When were you arrested and in what situation?

I was arrested on 6 January 2021 while filming Bobi Wine's campaign tour in northern Uganda. I had recorded the police arresting and torturing compatriots. My own arrest was very brutal. I was dragged out of the car from which I was recording my video. During my arrest I was beaten and tortured. Some unknown substance was injected into my back. It was very painful and even now my back sometimes feels numb.

What reasons did the police give you for the arrest?

They gave me two reasons: Firstly, that I am one of the people who spread Covid-19 and secondly, that I filmed the police.

How long were you in prison and what were the conditions like there?

I was detained for a total of two weeks. First we were taken to a so-called safe house and later I was transferred to Manafa Prison. I stayed there for a few days and then I was transferred to Butarege Prison, where I stayed until I was released. It was terrible. I was forced to sleep on a damp floor. Later they crammed far too many men into a small room that was far too cramped. We were given small portions of inedible maize once a day, and if you missed it while doing something, that was a day spent without a meal. All my belongings were taken from me. I was ordered to take off all my clothes and I was given a yellow prisoner's uniform. I was ordered to beat the rough ground very hard with my hands until blood came out of my fingers. Many cruel things happened and one can only wonder about people who do such things to other people. After I was released, I found my flat broken into and ransacked. I was told that uniformed and armed plainclothes policemen had broken into my flat. They took everything that belonged to me, only a red carpet remained.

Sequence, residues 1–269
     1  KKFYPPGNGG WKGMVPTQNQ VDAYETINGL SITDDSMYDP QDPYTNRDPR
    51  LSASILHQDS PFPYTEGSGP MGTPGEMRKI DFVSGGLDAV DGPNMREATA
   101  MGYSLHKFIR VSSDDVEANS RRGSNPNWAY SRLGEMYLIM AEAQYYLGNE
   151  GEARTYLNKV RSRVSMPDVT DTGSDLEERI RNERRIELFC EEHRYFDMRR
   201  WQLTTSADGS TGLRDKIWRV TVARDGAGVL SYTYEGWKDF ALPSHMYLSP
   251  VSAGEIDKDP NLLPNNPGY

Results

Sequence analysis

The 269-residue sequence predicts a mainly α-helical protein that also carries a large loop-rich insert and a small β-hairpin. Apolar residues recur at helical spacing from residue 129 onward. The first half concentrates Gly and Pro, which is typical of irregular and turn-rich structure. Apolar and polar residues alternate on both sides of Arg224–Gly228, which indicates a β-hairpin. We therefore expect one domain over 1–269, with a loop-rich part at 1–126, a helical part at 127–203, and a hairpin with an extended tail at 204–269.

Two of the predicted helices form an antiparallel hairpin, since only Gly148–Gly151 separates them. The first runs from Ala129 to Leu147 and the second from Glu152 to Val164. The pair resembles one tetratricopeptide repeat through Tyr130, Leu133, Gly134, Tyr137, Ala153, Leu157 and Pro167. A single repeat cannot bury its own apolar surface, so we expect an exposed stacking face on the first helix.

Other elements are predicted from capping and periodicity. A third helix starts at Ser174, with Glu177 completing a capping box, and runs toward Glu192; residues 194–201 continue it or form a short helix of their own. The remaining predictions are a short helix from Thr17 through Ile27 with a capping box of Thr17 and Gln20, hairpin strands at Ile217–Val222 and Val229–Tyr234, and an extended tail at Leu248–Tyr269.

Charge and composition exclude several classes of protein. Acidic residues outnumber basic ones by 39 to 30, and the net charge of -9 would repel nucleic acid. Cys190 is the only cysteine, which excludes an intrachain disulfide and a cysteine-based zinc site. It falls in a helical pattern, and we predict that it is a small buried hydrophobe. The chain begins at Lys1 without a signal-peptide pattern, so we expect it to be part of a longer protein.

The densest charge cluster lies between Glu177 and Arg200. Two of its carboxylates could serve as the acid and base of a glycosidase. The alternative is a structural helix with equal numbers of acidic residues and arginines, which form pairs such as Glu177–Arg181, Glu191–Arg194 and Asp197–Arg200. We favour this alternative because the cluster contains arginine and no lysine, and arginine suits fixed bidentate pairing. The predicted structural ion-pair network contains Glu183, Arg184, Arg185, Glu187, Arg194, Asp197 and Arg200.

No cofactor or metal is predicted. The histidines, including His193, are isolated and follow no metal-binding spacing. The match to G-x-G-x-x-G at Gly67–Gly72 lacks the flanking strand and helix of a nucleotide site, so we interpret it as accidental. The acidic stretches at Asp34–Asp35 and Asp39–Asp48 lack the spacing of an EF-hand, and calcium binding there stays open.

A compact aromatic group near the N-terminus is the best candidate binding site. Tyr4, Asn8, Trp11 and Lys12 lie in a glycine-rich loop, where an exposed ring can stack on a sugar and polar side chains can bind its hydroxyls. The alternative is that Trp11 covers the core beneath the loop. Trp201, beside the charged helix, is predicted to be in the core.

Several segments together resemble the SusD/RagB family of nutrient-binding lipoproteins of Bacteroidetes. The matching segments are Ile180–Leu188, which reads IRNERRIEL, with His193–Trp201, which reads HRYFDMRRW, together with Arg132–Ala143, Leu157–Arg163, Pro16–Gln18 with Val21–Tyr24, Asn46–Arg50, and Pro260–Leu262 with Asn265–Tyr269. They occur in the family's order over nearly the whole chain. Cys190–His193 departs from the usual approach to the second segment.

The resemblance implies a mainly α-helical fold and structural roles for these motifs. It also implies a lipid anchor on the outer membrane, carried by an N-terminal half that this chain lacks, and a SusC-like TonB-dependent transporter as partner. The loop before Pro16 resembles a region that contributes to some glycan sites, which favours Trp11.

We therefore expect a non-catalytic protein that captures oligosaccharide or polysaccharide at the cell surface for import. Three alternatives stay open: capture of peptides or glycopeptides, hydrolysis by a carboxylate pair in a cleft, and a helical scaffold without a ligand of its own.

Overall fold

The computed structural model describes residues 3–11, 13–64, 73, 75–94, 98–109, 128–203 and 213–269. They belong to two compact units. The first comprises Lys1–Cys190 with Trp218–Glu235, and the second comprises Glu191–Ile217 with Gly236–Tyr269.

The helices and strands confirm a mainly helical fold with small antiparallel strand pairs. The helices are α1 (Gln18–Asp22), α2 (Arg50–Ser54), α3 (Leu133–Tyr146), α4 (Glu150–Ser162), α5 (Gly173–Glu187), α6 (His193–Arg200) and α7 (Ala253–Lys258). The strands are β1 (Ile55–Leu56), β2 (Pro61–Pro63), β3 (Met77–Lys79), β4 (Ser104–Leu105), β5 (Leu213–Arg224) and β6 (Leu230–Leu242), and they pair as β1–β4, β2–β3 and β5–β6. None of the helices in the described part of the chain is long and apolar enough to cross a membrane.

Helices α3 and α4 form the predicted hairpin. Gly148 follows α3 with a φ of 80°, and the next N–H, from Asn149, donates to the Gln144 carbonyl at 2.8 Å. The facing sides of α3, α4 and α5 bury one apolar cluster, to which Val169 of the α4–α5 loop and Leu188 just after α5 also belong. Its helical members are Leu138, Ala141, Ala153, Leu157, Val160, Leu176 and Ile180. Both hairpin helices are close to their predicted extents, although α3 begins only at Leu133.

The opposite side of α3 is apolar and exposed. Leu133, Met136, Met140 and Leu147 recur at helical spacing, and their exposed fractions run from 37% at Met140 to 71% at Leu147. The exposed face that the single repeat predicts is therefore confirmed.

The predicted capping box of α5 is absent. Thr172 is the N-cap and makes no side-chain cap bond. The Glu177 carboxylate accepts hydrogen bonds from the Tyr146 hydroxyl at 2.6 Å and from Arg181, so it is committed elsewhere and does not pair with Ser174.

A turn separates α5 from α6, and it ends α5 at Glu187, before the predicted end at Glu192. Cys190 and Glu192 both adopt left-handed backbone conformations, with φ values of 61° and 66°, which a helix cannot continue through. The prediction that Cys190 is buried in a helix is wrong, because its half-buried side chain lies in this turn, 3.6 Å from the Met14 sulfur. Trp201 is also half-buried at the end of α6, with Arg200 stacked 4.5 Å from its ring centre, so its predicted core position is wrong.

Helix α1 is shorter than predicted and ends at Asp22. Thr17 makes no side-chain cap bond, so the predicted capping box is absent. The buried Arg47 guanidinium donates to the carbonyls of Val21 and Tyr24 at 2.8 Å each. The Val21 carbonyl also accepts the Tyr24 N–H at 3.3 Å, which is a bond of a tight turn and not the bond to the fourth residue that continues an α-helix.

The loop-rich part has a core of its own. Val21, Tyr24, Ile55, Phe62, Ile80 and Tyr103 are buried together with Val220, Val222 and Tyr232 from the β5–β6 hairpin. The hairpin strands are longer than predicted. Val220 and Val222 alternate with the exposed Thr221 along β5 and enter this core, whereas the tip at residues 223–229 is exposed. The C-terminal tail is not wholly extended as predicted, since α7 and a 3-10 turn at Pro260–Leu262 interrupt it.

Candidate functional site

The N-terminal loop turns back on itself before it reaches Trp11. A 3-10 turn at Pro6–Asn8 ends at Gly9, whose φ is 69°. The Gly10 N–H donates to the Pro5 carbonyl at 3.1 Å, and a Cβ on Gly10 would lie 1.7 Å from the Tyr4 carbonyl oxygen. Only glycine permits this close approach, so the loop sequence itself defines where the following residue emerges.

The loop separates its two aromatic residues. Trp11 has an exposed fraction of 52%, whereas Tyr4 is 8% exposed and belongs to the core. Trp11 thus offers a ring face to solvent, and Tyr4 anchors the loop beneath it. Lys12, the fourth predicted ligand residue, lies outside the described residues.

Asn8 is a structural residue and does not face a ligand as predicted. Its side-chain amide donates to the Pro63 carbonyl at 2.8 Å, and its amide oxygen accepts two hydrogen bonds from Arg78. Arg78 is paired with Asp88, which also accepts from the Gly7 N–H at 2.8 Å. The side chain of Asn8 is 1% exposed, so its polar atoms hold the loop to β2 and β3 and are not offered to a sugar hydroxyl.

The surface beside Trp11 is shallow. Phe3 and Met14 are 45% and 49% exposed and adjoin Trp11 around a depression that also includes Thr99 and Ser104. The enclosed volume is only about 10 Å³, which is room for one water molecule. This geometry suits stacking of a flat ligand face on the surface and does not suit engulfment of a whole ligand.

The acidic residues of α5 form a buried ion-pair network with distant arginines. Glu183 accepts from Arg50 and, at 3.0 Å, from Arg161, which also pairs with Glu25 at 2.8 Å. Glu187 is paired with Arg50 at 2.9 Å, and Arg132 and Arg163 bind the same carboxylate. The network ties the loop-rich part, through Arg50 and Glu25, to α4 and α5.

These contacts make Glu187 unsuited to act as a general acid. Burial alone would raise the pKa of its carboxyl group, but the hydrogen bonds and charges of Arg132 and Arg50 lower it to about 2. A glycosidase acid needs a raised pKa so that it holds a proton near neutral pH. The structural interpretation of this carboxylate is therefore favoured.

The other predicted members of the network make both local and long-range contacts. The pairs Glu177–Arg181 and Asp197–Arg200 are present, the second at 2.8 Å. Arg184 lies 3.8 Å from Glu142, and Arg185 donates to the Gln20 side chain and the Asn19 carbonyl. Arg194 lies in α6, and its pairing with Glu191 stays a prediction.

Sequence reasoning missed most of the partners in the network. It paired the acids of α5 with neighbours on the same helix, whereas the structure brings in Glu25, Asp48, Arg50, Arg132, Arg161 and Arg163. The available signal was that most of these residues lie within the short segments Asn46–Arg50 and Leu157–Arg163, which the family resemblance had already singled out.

I cannot be free when my country and my people are still in captivity

Hussein Ssenyonga aka Sama Uganda

How do you feel now that you are free?

I cannot say that I am free because I do not feel safe. And I cannot be free when my country and my people are still in captivity. I am afraid to be in public. If I want to go somewhere, I have to ride with friends in their car with tinted windows, for my safety. I have not recovered yet. I am still taking medication.

Are you going to continue working?

Yes, I want to continue my work, although I have no idea how to do that. My Facebook page has been blocked and they are trying to kidnap me. At the moment, young people who support Bobi Wine and want a free Uganda are disappearing every day.

What are your dreams for your life?

My dream is to become an international journalist who has the possibility to provide information without restrictions. As a young man, my dreams are many, but due to the circumstances around me, they are very limited ... I would like to be able to make a difference in society.

Do you have a message for people in Europe or in other parts of the world?

To the people of Europe: Please keep an eye on Uganda! Uganda is bleeding, regardless of how beautiful this country is. Uganda is the pearl of Africa, one of the friendliest countries in the world. We have great landscapes and the second largest lake in the world, Lake Victoria. We have unique fauna with elephants, lions, rhinos, leopards, buffaloes, mountain gorillas and chimpanzees. Such a nation should allow its citizens to enjoy freedom, democracy, justice and the rule of law. Unfortunately, this is not the case at present. Therefore, I call on the people of Europe and the world to become more aware of the injustices that are being inflicted on the people of Uganda by the current government.

Edward Mutebi assisted with this interview. Konrad Hirsch is a filmmaker and lives in Berlin and Munich.

This article was submitted as part of our Open Source initiative. With Open Source, Berliner Verlag gives freelance writers and anyone interested the opportunity to contribute articles containing relevant content and written to a professional standard. Selected contributions will be published and paid for.